What is it? The upmarket two-door is set to follow the recently introduced second-generation 6 Series Cabriolet into UK showrooms in September. The model tested the entry-level 640i, priced at 59,550 will cost 4145 more than the previous entry-level model, the old 630i.
It isn't the last of the new 6 Series models to arrive, either. BMW is also planning to launch a four-door derivative to rival the Audi A7 and Mercedes-Benz CLS.
The new 6 Series is based on the same underpinnings as the latest 5 Series. Among its long list of options aimed at raising its dynamic appeal are a rear-wheel-steering system called Integral Active Steering, and Dynamic Damper Control.
As with the open-top, the new coupe comes with the choice of two turbocharged direct-injection petrol engines and one turbocharged common-rail diesel engine.
A 315bhp 3.0-litre petrol unit with 332lb ft of torque powers the 640i, while a 401bhp 4.4-litre V8 is in the range-topping 650i.
The sole diesel is a 308bhp 3.0-litre. All engines come mated to a standard eight-speed automatic gearbox.
As part of an effort to improve the 6 Series' fuel consumption, the new model also receives automatic engine stop-start, brake-energy recuperation, aerodynamic enhancing flaps behind the grille, and energy-saving functions such as on-demand oil and water pumps, that draw power only when required rather than continuously as with the previous model.
What's it like to drive? The new 6 Series coupe is a highly competent car so competent, in fact, that it can seem a little clinical at times.
Look beyond this, though, and you discover a car that is capable of devouring large distances with ease in the very best grand tourer tradition.
The 6 Series is best on the motorway, where it cruises serenely with impressive refinement.
BMW claims the 640i will do 0-62mph in 5.4sec. It's fairly economical, too achieving an average fuel economy of 37.2mpg, and emitting 177g/km of CO2. It will also do more than 500 miles on a tank.
The new 6 Series is a good deal sharper and more responsive than before. The electro-mechanical steering, with BMW's variable-assist Integral Active Steer set-up as optional, gives the 640i astonishing agility for such a big and heavy car.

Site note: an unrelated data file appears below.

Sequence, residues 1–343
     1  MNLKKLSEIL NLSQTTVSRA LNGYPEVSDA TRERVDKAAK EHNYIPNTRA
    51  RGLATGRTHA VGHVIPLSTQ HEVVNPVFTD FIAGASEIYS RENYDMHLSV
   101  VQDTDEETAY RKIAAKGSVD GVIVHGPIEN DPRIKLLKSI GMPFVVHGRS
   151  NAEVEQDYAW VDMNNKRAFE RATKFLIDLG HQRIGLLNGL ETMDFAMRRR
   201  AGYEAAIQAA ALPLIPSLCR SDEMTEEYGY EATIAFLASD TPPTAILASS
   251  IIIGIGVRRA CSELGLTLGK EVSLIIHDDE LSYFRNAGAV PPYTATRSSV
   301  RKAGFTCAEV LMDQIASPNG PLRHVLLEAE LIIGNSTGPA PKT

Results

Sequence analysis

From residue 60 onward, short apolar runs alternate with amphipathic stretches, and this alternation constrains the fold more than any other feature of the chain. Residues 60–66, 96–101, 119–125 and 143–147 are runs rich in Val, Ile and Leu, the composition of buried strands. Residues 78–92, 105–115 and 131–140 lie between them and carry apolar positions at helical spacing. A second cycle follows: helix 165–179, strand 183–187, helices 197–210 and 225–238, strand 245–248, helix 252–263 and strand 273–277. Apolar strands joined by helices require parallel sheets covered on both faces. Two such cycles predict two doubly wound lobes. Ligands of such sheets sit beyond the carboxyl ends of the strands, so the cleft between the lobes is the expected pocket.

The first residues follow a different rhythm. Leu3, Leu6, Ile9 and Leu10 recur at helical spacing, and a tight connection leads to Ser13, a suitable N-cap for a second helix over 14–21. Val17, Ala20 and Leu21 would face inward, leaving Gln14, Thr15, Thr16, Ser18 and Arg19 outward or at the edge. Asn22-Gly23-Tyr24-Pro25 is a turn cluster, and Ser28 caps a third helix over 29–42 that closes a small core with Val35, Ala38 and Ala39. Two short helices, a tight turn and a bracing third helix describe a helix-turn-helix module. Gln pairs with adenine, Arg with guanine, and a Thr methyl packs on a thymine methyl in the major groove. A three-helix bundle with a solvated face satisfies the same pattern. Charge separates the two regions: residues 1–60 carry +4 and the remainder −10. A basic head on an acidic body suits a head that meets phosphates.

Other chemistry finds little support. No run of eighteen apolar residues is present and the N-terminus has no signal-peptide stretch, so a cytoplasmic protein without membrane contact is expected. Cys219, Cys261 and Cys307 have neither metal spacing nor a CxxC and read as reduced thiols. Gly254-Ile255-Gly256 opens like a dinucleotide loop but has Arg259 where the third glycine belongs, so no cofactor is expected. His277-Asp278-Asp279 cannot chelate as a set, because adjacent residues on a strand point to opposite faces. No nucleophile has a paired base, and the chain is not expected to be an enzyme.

Despite the weight, it carves through corners, even at high speeds, in a flat and unflustered manner, relying on the abundance of grip to ensure the driver rarely needs to correct the line. With the Dynamic Damper Control providing continuously adjustment of the stiffness of the car's suspension, it also rides in a firm but well controlled manner.
What's it like inside? BMW's designers have placed a great deal of effort into lifting the appeal of the 6 Series Coupe's cabin. The new model has a stylish dashboard sporting an extra-wide centre console along with the latest version of BMW's iDrive system. It also gets and the same classy controls as found in the latest 5 Series.
The new 6 Series is longer and wider, so offers more room than the previous 6 Series up front. A 75mm stretch in the wheelbase has also liberated extra space in the back, although the individual rear seats are still best suited to children. At the same time, boot capacity increases by a scant 10 litres to 460 litres.
Should I buy one? No doubt about it, the 640i is an impressive machine from its high level of quality, through to its elegant new styling, eager performance, impeccable handling, firm but resolute ride and improved everyday practicality. It's also a more rounded rival to two-door coupe rivals such as the Mercedes-Benz E-class Coupe and Jaguar XK than the second-generation model.
However, it misses out on the engagement of true sports car such as the Aston Martin Vantage and Porsche 911. Think of it more as a grand tourer and you'll be on the right track.
What Car? says